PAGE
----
Teacher Vocabulary:
  • Kievan Rus
  • Muscovy
  • conversion
  • czars
  • Mongols
  • conquest
Knowledge:
Students know:
  • The factors that led to the development of the early Russian state.
  • The importance of specific regions and cities on Russia's growth and economic development reasons for Russia's conversion to Orthodox Christianity.
  • Changes in Russian politics, including the rise of czars.
  • The economic, political, and social impacts of the movement of groups in Central Asia.
  • The effects of the Mongol conquest on early Russia.
Skills:
Students are able to:
  • Analyze textual evidence of primary and secondary sources.
  • Locate places on a map.
  • Identify the effects of religious beliefs and practices on societies.
  • Identify the cause and effect of political, social, and economic changes on a society.
Understanding:
Students understand that:
  • There were important social and political developments of the early Russian state and this expanded its trading system.
Social Studies (2010)
Grade(s): 8
World History to 1500
All Resources: 3
Learning Activities: 0
Lesson Plans: 3
Multimedia: 0
Unit Plans: 0
11 ) Describe early Islamic civilizations, including the development of religious, social, and political systems.

•  Tracing the spread of Islamic ideas through invasion and conquest throughout the Middle East, northern Africa, and western Europe
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Strand: Geography, History, Civics and Government
Course Title: World History to 1500
Evidence of Student Attainment:
Students:
  • Describe the spread and influence early Islamic civilizations.
Teacher Vocabulary:
  • Islam
  • Muslim
  • Muhammad
  • Quran
  • pilgrimage
  • Shiite
  • Sunni
  • caliph
  • mosque
  • minaret
  • oasis
  • Mecca
  • Medina
  • jihad
  • Sunnah
  • Shariah
  • Five Pillars of Islam
  • tolerance
  • calligraphy
Knowledge:
Students know:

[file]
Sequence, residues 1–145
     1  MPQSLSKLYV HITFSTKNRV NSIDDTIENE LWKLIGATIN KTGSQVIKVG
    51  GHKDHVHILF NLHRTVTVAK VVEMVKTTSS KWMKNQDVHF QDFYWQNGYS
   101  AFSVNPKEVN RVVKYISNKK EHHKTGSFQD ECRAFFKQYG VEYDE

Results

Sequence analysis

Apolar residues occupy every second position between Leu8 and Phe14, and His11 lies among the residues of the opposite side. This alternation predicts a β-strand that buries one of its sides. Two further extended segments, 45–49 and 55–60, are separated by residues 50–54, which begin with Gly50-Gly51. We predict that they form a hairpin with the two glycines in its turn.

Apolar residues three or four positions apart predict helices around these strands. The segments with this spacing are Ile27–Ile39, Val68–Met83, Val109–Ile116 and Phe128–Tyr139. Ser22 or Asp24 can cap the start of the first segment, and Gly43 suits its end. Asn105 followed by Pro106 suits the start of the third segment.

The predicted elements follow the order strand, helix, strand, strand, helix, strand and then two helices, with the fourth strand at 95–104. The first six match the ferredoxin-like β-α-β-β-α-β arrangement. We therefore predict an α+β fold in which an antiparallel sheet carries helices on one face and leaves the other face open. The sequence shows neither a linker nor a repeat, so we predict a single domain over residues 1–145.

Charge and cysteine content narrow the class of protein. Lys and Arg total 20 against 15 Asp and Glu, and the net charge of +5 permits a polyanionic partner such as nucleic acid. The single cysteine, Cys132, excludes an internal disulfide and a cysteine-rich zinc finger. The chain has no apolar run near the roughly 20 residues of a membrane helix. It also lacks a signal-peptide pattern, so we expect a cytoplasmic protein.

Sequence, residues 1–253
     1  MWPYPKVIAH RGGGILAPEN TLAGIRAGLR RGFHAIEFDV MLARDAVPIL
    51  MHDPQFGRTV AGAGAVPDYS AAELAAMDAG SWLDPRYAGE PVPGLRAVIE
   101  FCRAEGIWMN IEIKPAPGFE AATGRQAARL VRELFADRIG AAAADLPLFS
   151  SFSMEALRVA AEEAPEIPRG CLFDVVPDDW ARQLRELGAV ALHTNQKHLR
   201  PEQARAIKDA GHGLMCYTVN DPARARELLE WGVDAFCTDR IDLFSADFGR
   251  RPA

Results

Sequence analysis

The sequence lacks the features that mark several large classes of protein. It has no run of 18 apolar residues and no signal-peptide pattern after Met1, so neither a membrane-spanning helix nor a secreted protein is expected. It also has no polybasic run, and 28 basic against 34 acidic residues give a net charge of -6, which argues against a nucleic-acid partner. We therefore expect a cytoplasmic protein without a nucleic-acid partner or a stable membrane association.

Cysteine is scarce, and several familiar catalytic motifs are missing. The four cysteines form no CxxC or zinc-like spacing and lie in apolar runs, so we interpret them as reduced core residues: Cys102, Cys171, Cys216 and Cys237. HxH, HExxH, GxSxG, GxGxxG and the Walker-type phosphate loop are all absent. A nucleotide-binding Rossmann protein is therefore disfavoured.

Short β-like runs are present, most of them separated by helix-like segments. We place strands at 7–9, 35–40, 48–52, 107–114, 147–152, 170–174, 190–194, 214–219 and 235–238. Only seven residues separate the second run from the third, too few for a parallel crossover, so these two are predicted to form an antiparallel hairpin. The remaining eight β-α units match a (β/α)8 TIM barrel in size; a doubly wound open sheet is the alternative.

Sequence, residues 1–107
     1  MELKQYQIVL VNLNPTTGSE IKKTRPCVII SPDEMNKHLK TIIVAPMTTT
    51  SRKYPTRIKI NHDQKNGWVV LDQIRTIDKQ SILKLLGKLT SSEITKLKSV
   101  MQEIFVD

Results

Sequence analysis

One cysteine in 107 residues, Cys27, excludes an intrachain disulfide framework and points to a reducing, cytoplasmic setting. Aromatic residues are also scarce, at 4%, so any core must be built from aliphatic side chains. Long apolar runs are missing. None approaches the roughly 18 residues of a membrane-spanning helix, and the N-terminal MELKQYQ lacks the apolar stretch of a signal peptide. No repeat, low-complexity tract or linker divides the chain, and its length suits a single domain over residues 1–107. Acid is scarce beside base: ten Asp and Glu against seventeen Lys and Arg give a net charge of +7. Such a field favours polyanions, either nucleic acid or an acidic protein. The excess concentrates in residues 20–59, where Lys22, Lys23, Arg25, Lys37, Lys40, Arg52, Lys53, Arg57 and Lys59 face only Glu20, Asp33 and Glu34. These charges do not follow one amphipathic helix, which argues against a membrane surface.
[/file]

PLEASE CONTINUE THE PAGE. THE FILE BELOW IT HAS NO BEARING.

• The influence of Islamic beliefs and philosophy on social, political, and economic development of early Islamic civilizations.
  • The ways Islamic civilizations and influence spread throughout the Middle East, northern Africa, and western Europe including through trade, invasion, and conquest.
Skills:
Students are able to:
  • Analyze textual evidence of primary and secondary sources.
  • Locate places on a map.
  • Identify the effects of religious beliefs and practices on societies and political systems.
Understanding:
Students understand that:
  • There were important developments and influences from the early Islamic civilizations.
Social Studies (2010)
Grade(s): 8
World History to 1500
All Resources: 2
Learning Activities: 0
Lesson Plans: 2
Multimedia: 0
Unit Plans: 0
12 ) Describe China's influence on culture, politics, and economics in Japan, Korea, and Southeast Asia.

Examples: culture—describing the influence on art, architecture, language, and religion

politics—describing changes in civil service

economics—introducing patterns of trade

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Strand: Economics, Geography, History, Civics and Government
Course Title: World History to 1500
Evidence of Student Attainment:
Students:
  • Describe and compare China's influences on Japanese, Korean, and Southeast Asian cultural, political, and economic development.
Teacher Vocabulary:
  • influences
  • civil service
  • warlord
  • reform
  • General Wendi
  • bushido
  • Shinto
  • Zen
  • samurai
  • shogun
  • typhoon
  • kamikaze
  • tsunami
  • Noh
  • daimyo
  • dynasty (Sui, Tang, Song)
  • Neo-Confucianism
  • Khan (Genghis, Kublai)
  • Mongols
  • Huns
  • Marco Polo
  • Zheng He
Knowledge:
Students know:
  • The cultural influences of China on Japan, Korea, and Southeast Asia, including: art, architecture, language, religion, and daily life.
  • The political influences of China on Japan, Korea, and Southeast Asia, including civil service.
  • The economic influences of China on Japan, Korea, and Southeast Asia, including: patterns of trade.
Skills:
Students are able to:
  • Understand textual evidence of primary and secondary sources.
  • Locate places on a map.
  • Identify the cause and effect of political, economic, and cultural actions.
Understanding:
Students understand that:
  • China's cultural and political systems influenced Japan, Korea, and Southeast Asia.
Social Studies (2010)
Grade(s): 8
World History to 1500
All Resources: 7
Learning Activities: 0
Lesson Plans: 7
Multimedia: 0
Unit Plans: 0
13 ) Compare the African civilizations of Ghana, Mali, and Songhai to include geography, religions, slave trade, economic systems, empires, and cultures.

•  Tracing the spread of language, religion, and customs from one African civilization to another
•  Illustrating the impact of trade among Ghana, Mali, and Songhai